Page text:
The constant tension creates two main ‘lever arms’ in the design, resulting from the belt’s tension on both pulley’s… I realized there was no way around it, that constant torque was going to affect the gimbal in heat cycles unless I countered the tension force. Thus, the ‘Tension Strut’ came to life, a strut containing bearings that would be at the end of both pullies and bear the force of the belt tension. This is technically a passive/reactive solution, as it only bears the force if there is some degree of deflection, but if it is the correct length that deflection can be too small to observe or matter. This was it, this is what took it from something that sounded good on paper to something that actually worked, Gab707 agreed, this was good.
In the same swing I took another look at the design as a whole and realized that the TPU Universal Mount was bearing the force of the belt tension on its pulley, which over time and through heat cycles might compress and loosen the belt, hence the creation of the ‘Supported Sleeve’ pulley, that slips into the Universal Mount creating a strong interface between the two, while creating a rigid structure between the metal axle and the belt.
Also, Gab707 mentioned the hinge itself didn’t have much material, I agreed but noted that the current designs already have the ‘GoPro Tabs’ almost touching the bearing housing. Then it occurred to me, what if the bearing housing was just reinforced around the bearings themselves (where the material was currently the thinnest) but the rest of the housing remained unchanged, and then the ‘GoPro Tabs’ actually stuck out through the bottom of the Universal mount and rode inside the slot that was between the reinforcement material, hence the ‘Tab Slot’ was born, this was useful for my pushrod designs as well, as its basically ‘free strength’ for the gimbal.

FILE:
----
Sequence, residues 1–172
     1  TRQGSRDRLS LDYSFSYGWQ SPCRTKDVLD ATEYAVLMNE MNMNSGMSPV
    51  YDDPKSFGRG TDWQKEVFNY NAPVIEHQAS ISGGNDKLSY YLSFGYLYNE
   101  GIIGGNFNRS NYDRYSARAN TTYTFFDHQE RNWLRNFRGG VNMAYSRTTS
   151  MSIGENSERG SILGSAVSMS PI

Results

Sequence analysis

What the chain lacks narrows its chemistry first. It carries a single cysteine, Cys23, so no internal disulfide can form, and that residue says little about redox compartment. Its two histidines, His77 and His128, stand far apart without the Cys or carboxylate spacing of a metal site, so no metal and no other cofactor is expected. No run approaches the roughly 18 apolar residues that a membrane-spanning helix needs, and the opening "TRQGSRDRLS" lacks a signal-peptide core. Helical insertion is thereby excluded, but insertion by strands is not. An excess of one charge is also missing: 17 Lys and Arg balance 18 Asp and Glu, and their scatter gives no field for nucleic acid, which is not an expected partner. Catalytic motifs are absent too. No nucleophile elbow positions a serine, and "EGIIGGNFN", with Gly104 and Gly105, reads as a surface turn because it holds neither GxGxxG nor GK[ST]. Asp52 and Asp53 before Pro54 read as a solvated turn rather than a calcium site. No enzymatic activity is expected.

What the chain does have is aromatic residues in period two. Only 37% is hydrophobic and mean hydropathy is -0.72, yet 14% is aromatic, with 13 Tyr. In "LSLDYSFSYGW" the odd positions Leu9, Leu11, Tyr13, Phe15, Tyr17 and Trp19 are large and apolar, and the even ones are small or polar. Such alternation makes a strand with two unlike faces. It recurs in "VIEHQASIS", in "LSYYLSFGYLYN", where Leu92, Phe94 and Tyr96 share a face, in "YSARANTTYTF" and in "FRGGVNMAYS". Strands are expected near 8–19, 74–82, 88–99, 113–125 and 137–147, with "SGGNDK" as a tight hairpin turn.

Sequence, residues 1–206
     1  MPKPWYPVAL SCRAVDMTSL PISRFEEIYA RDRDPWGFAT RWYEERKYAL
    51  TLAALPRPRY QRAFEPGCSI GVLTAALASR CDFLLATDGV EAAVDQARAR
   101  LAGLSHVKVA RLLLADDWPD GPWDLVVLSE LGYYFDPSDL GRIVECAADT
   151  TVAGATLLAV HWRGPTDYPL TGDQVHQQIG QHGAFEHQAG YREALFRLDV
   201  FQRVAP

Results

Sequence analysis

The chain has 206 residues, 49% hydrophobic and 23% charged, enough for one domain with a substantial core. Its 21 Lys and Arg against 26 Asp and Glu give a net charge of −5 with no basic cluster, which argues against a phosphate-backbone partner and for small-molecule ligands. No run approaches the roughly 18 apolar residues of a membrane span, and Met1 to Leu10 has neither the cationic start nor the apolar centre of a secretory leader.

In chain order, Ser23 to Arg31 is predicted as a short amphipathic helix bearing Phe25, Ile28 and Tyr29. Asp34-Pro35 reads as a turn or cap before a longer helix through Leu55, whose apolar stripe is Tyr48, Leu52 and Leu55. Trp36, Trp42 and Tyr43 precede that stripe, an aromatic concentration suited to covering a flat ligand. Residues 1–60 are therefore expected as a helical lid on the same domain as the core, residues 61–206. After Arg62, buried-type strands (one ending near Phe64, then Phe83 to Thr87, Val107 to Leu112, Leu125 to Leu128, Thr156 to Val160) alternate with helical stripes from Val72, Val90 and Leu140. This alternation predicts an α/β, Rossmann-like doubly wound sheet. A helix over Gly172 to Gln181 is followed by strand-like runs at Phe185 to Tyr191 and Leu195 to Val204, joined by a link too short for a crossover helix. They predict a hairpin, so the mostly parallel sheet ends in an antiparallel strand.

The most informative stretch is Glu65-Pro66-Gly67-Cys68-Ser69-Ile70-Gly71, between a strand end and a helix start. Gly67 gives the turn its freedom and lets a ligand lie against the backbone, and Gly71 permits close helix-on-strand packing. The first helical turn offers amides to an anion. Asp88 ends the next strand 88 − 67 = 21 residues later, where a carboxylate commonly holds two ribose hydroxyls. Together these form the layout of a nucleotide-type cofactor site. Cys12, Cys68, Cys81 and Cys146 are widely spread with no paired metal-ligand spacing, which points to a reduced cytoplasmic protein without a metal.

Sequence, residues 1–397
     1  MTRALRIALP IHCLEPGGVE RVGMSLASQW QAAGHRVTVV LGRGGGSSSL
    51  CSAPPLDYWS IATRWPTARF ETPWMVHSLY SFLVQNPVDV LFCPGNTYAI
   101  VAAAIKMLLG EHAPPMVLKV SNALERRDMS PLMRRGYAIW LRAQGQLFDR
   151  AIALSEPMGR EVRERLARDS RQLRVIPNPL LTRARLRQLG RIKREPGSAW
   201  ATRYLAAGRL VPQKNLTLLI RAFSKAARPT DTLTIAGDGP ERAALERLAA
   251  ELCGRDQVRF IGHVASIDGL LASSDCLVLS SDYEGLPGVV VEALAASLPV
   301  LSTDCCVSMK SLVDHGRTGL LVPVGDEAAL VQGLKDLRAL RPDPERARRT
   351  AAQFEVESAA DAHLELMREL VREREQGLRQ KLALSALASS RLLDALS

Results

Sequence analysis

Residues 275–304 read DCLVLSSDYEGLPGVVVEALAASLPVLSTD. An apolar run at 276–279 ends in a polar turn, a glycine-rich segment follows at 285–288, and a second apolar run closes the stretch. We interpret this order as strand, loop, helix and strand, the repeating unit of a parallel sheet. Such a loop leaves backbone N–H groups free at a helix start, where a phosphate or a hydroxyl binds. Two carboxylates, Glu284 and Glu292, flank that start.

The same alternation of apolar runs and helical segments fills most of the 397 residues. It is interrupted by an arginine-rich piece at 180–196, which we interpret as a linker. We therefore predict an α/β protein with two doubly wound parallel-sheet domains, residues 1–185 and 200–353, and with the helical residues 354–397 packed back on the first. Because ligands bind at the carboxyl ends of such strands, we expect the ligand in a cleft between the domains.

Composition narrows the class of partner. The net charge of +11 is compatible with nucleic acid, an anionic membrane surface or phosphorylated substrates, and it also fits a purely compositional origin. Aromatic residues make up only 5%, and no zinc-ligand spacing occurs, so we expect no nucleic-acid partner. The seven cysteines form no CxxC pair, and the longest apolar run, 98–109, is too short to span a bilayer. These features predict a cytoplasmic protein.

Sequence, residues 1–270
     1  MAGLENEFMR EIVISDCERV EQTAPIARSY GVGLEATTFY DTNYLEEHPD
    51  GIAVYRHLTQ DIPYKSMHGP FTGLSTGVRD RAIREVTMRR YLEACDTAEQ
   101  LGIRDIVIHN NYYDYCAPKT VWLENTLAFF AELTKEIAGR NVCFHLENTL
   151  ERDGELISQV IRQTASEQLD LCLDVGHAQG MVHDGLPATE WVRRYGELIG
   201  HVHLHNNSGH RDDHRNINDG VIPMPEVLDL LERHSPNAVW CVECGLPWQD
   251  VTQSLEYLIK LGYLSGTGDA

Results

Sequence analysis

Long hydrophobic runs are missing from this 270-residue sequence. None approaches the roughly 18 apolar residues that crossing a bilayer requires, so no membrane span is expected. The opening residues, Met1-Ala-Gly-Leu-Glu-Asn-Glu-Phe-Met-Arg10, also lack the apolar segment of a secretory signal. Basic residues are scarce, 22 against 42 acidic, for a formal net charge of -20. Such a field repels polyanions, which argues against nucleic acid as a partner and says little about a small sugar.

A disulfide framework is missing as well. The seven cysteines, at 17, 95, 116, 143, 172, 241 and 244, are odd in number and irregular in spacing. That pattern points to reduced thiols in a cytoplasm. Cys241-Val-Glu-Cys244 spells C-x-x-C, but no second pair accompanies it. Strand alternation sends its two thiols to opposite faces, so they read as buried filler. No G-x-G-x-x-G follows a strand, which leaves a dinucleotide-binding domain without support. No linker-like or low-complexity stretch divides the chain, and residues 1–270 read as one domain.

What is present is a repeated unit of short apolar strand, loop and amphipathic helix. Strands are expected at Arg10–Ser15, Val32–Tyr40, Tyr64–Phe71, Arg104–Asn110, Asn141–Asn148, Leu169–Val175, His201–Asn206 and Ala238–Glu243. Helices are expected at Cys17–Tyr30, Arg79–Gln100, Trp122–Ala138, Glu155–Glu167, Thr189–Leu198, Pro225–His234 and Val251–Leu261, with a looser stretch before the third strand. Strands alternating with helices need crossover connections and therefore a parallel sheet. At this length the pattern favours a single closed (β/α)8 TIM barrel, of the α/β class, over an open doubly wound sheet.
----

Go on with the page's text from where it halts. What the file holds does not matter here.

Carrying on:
UPDATE (Approx 10/1/22):
Have been busy with the store and with filming/flying, but I have converted my entire fleet to the ‘timing belt’ design and have been testing it in real-world scenarios including some brutally hot days, have made a few tweaks in the designs and have been experimenting with various materials, including some ‘engineering grade’ materials. I think it’s finally a verifiably good solution and ready to announce to the public. I didn’t want to announce it before making sure it was viable, and then have people excited about something that wasn’t going to work well. A lot of testing and headaches have come from this and especially having to keep it under the covers through all of that, truly an emotional rollercoaster, but I think it was worth it.
Something to note about the latest designs and premade belt is with the strength and stiffness does come with the loss of the “skip teeth in hard crash and self-right” feature, as this will not skip teeth and will be more likely to damage the servo in a crash than the early prototypes. But the servo is strong, and I am yet to break a servo with this system. This will be called the “Pro” gimbal as it is designed for professional use where stiffness and consistency are key above all else, while the pushrod design will be called the “Basic” and will be better suited for freestyle and casual use, as the wire pushrod is designed to bend in a crash preserving components and can be bent back in a few seconds, basically making it indestructible. Currently, my plan is for the Pro designs to be closed source, I may change my mind on this, but I can’t “unrelease” the designs once I post them open source and I have spent so much time, energy, and headaches on this that I can’t bring myself to do it, at least yet. However, the base designs will be open source, meaning that you can swap a Pro gimbal from drone to drone if you have a 3D printer, the Pro bases are the shared with the Basic (pushrod) gimbals as well and the Basic gimbals are still getting improved along with the timing belt design with the things learned from the Pro gimbal development (such as the “Tab Slot” feature). Essentially, Medlin Drone will have free ‘Basic’ gimbal designs for anyone to use and implement and offer ‘Pro’ gimbals for serious use.